- He Star’d Across the Atlantic: The Cortázar-Keats Connection
With a few notable exceptions, including denise gigante’s seminal study on The Keats Brothers (2011), it has proven challenging to undertake transatlantic criticism within Keats studies. For a poet who barely left the continent, most attempts to bring Keats into recent discussions of transatlantic Romanticisms rely on reception studies and poetic afterlives, typically through Anglophone works from the United States or Canada.1 But Keats’s afterlives elsewhere in the Americas, especially in a Latin American context, have been far more difficult to pinpoint. His strongest thematic connection to the New World, the sonnet “On First Looking into Chapman’s Homer,” has long been mired in debate, the reference to South America in the final sestet fraught with confusion or error:
Then felt I like some watcher of the skiesWhen a new planet swims into his ken;Or like stout Cortez when with eagle eyesHe star’d at the Pacific—and all his menLook’d at each other with a wild surmise—Silent, upon a peak in Darien.2
M. H. Abrams appended his definitive footnote in the Norton Anthology to indicate that Keats’s naming of “stout Cortez” in Darien must have been a mistake, while Tennyson had pointed out even earlier that this should have read “Balboa” instead.3 In 1965, Carl Woodring drew attention to the [End Page 351] “fusion of memories” in which Keats scrambled his readings of early youth, mixing up Cortez, Pizarro, and perhaps even Alonzo de Molina.4 For Susan Wolfson, Keats’s analogy holds soundly, with no correction necessary: “There is no reason to agree with Tennyson’s often repeated comment (1861) that K confused Cortez with Balboa (the first European to see the Pacific). As K is first looking into Chapman’s Homer (not unknown to others), so Cortez is first looking at an ocean (of which he had been told).”5 The history of these correctives is thoroughly fleshed out in Charles J. Rzepka’s 2012 “‘Cortez—or Balboa, or Somebody Like That’: Form, Fact, and Forgetting in Keats’s ‘Chapman’s Homer’ Sonnet.”6
Historical faux pas aside, the presence of Latin America has remained a powerful figuration in Romantic poetry. Keats gestures toward “one wide expanse” and “a new planet,” positioning the southern continent as a symbolic vagary at best.7 It appears that critics too have adopted this approach of easy equivalence amongst the New World’s conquistadors and kings, often for dramatic effect. As Woodring wrote, “Keats’s Homer is a king among poets. He is a Montezuma unconquered and unreached.”8 Thus, Keats’s references to a Hispanophone New World have always functioned as a general metaphor for discovery, revelation, and mastery, representing a southern-hemispheric ‘other.’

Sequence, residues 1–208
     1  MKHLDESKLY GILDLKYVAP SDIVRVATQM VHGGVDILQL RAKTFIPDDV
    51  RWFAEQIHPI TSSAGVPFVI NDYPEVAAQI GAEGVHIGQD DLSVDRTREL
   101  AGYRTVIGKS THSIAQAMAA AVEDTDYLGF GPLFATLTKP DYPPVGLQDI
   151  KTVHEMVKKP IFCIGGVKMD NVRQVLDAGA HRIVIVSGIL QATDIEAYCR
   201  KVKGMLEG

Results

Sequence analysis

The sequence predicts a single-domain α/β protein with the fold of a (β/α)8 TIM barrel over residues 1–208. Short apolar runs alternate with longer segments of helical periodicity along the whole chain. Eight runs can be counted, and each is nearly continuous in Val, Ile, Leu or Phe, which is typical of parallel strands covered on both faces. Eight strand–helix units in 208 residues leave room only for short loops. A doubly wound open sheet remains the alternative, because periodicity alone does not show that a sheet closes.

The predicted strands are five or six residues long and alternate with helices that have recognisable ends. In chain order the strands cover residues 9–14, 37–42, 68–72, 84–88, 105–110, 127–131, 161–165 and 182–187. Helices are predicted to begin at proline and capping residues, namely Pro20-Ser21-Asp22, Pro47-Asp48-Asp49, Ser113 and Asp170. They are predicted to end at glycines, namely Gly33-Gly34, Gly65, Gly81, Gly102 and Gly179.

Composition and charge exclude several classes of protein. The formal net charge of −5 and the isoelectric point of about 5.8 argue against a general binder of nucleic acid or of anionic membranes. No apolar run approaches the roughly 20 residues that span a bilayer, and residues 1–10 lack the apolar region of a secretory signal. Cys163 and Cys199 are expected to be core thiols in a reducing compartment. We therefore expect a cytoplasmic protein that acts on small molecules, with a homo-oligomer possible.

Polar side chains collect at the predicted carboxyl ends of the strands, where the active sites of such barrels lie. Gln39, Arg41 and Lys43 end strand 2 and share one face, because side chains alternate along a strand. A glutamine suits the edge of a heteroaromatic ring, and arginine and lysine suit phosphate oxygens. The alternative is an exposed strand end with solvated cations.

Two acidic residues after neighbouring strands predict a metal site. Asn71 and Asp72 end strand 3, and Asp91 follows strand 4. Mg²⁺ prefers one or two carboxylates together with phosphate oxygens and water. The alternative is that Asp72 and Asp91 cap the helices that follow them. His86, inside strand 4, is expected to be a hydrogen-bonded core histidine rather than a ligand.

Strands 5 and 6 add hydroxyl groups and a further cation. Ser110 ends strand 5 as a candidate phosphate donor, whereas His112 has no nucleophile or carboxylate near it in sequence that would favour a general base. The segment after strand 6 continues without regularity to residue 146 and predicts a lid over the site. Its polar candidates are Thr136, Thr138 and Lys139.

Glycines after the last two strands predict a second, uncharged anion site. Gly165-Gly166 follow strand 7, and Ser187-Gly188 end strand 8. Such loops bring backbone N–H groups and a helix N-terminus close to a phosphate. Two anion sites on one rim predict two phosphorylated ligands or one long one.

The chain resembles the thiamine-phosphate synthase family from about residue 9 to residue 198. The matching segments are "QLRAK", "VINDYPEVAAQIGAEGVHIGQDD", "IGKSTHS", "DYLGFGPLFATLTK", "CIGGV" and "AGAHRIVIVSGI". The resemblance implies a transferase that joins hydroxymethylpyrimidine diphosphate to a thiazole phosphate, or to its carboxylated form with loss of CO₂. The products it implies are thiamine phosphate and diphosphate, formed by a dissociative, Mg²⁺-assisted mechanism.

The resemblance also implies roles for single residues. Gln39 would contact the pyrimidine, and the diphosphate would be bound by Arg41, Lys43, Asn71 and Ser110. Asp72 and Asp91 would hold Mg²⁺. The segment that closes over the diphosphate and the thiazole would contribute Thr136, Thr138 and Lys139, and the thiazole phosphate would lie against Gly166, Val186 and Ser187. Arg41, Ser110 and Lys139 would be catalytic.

Thanks to Romantic scholars working on the Black Atlantic and South Atlantic—including Paul Gilroy, Paul Youngquist, Frances Botkin, and Joselyn M. Almeida—the New World no longer has to remain mired in a language of metonymies, where Homer, Ozymandias, Cortez, Balboa, and Pizarro all converge to signal poetic mystery and greatness.9 [End Page 352]
Readers can now look more pointedly across the Atlantic toward new critical works in various languages, to sharpen the ken of our Cortezian eagle eyes and enrich our understanding of Keats’s global influence. In this essay, I introduce a recently rediscovered text of interest to Romanticists and Keatsians that crosses continents, languages, and time periods: Julio Cortázar’s Imagen de John Keats (1952). Recovering a hitherto neglected work of Keats criticism by a major Argentinian author, I ask: what might transatlantic connections look like in Keats studies today, considering new Latin American afterlives of the poet, and in light of work that has extended the Atlantic littoral beyond the Anglophone sphere? As the title of this essay suggests, rather than gazing at the Pacific with Keats’s ambiguous explorer, we might “stare” across the Atlantic for evidence of the global impact of his poetry, to espy a reciprocal transatlantic Romanticism within South America’s Southern Cone. The question at hand is not whether Keats cared for South America (or correctly...